Everyone wants a data hub; few see it pay off. Here’s why.
The idea lies at the heart of nearly every corporate data strategy: “Let’s get all our data in one place. Then we’ll be able to discover hidden game-changing insights by joining previously disparate datasets together. Meanwhile, downstream business consumers will get a single, standardised source of truth for all their analysis and reporting.”
What’s not to like? The concept of a data hub (or store, lake, warehouse, or other preferred terms) is intrinsically appealing and holds an undeniable logic. But it’s not exempt from a mundane but important principle: investments in data infrastructure, like any other, need to pay off. There are many eye-wateringly expensive data hub initiatives, and few which return a *measurable* financial benefit to the organisation.
Most proponents of such projects argue that the payback period from good data management is long – years or decades, and the benefits are indirect and hard to measure. This is not always enough to sway sceptics, who contend in response that data hubs are an expensive fad – snake oil peddled by Hortonworks, Cloudera and their cloud enablers.
Often, those pushing for a data hub in their organisation don’t *really* know why they want one. This sees them fall victim to technology and operating model choices which ultimately undermine the value from the investment.
Non-reasons for building a data hub
Data hub project business cases promise the following benefits:
- Efficiency savings from architectural simplification (maintaining fewer bespoke point-to-point application interfaces for exchanging data across the enterprise)
- Improved data quality by implementing standard data validation controls and DQ monitoring at the point of ingestion
- Compliance with regulatory mandates to prove lineage back to ‘golden’ sources, e.g. BCBS239
These are intuitive, but dubious. Provider-consumer interface contracts can be standardised, data quality controls can be implemented, and data lineage can be mapped and documented, all without introducing a data hub into the landscape.
So – why do it?
Most data hub projects aren’t about the data hub
Real reasons for building a data hub are:
- To actually do big data analytics, which relies on massive datasets being colocated on Hadoop-friendly file storage (evidence of real business value creation from this for financial organisations is only just starting to materialise across the industry)
- To get management to agree to an otherwise-boring package of data management work needed to achieve the benefits cited above. For this, the data hub functions as an internal marketing vehicle for data management: it’s a tangible product, which leaders can point to as evidence of concrete progress in the data agenda.
The latter is a cynical but legitimate motivation behind many data hub projects. The challenge it creates is that if a data hub is conceived as a headline item rather than a solution to the practical problems of the business, it’s often unoptimised for addressing them – and can easily become a hindrance rather than a help.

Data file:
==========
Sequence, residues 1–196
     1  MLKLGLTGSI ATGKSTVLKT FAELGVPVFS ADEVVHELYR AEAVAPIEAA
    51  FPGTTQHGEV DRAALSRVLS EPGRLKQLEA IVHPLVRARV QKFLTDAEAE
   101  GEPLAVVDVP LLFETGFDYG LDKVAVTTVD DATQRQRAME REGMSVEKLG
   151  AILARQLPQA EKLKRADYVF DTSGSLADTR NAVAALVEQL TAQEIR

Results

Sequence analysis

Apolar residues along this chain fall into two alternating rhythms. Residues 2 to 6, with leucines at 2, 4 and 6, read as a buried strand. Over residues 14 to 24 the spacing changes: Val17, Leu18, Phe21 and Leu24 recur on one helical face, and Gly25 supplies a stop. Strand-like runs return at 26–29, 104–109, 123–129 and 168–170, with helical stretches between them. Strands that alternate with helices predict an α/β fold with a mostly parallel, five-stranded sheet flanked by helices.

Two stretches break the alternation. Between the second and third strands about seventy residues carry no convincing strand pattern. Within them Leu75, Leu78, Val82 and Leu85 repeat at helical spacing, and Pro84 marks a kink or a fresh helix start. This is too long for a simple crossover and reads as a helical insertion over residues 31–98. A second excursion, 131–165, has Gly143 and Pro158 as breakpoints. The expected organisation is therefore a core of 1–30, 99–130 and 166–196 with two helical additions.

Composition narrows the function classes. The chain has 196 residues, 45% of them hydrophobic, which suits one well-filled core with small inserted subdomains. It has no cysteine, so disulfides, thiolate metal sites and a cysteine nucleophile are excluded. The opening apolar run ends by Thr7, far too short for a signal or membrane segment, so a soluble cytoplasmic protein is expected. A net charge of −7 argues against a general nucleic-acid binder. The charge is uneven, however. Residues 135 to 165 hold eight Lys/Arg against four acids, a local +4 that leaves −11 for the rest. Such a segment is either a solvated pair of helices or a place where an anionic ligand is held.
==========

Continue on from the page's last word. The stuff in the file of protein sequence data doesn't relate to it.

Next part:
Bad data hubs
Examples of issues which can see data hubs fail in their mission:
- Big support organisations are built to surround and ‘own’ the data hub, acting as bureaucratic administrators and gatekeepers in any process which needs to interact with it – often in the name of control and compliance. This adds process friction, stifles exploration of the data, and runs up costs to the organisation without generating business value.
- Data hubs are built alongside legacy processes by which data providers publish to consumers outside of the hub, with nothing done to force or incentivise migrations that see the hub put to actual use. Again, the net effect is to increase cost and complexity for the business with no obvious benefit.
- Insufficient effort goes into curating the content within data hub which is likely to be of high value to the business (if the business even knows what that is!). When a consumer seeks out certain content, the effort of identifying it among all the noise is prohibitive – so they give up.
- The data that consumers want from the data hub simply isn’t there, because the ingestion of data has been prioritised poorly – often based on what is easy for data producers to provide, rather than what is enabling for consumers.
- Data isn’t exposed using tooling and structures which are accessible to consumers (instead relying on the support organisation to provide bespoke modelling and reporting on a request, not self-service, basis – the whole point!)
These issues can all be fixed after the fact. But they’re so much easier and cheaper to address at the architecture and planning stage ahead of any work to implement the data hub. This starts by having a clear understanding and articulation at the outset of how a data hub will be used to solve specific business problems, and what is needed for those use cases to succeed.
Hence, when we hear my clients talking about building a data hub, one of our first questions is “what for?”
The answer tells me a lot about how likely they are – much later – to be glad they did.